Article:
• Traditional Revenue Bonds. These also finance capital projects, but are not supported by the General Fund. Rather, they are paid off from a designated revenue stream generated by the projects they finance—such as bridge tolls. These bonds also are not guaranteed by the state’s general taxing power and do not require voter approval.

Overview of State Debt

How Much Debt Does California Currently Have? As shown in Figure 1, California has a total of about $79 billion in outstanding bond debt—the vast majority of which is from GO bonds. In addition, the Legislature and voters have authorized another $30 billion in bonds that have not yet been issued (sold). As these bonds get issued in future years, they will increase the state’s outstanding debt. On the other hand, the debt that is currently outstanding will slowly get paid off, thereby reducing debt in future years. Over the last decade, outstanding debt has been paid off at roughly the same rate as new debt has been issued, resulting in a relatively steady level of state debt (not adjusting for inflation). 

After adjusting for inflation, state GO bond debt—as well as authorized but unissued debt—has declined over the last decade, as shown in Figure 2. This decline followed a period in the mid-2000s when voters authorized several large bonds and, as a result, the state’s overall debt level increased significantly.

How Much Debt Service Does the State Pay Each Year? Regular payments made to bond investors—including both interest and principal—are known as debt service payments. As shown in Figure 3, the state currently pays nearly $8 billion per year in bond debt service payments—mostly for GO bonds. These payments have decreased slightly over the last decade, after adjusting for inflation.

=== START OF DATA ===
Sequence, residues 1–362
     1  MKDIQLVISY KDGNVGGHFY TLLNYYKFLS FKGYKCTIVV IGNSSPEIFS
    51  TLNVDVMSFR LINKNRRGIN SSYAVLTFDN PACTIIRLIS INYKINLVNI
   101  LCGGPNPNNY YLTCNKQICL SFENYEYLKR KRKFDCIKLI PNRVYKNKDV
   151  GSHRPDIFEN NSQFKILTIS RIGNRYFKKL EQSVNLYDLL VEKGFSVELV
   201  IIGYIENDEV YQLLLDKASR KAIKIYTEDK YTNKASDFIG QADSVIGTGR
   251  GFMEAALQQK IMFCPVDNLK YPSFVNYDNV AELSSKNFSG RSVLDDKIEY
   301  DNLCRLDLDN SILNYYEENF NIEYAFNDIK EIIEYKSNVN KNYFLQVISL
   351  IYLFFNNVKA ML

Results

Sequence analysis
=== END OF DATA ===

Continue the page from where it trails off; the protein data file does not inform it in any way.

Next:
Debt service payments are sometimes evaluated as percentage of a state’s overall budget. This is sometimes known as the debt service ratio (DSR). As shown in Figure 4, total annual debt service in 2022-23 was about 3.2 percent of General Fund expenditures, but only about 2.5 percent when looking only at the portion of debt service payments that are paid from the General Fund. On both measures, the DSR was the lowest it had been over the last couple of decades.

How Much Will Debt Service Payments Change Over the Next Few Years? We forecast modest growth in annual General Fund debt service payments over the next few years, as shown in Figure 5. Since the overall state budget is expected to grow during the same period, we project the DSR will remain relatively flat. This forecast does not assume debt service payments associated with Proposition 1, which will go before the voters in March. If Proposition 1 passes, we estimate the state would have about $100 million to $200 million in additional debt service payments by 2027-28—adding less than 0.1 percent to the state’s DSR. (Annual debt service payments would grow to over $400 million in the following years.)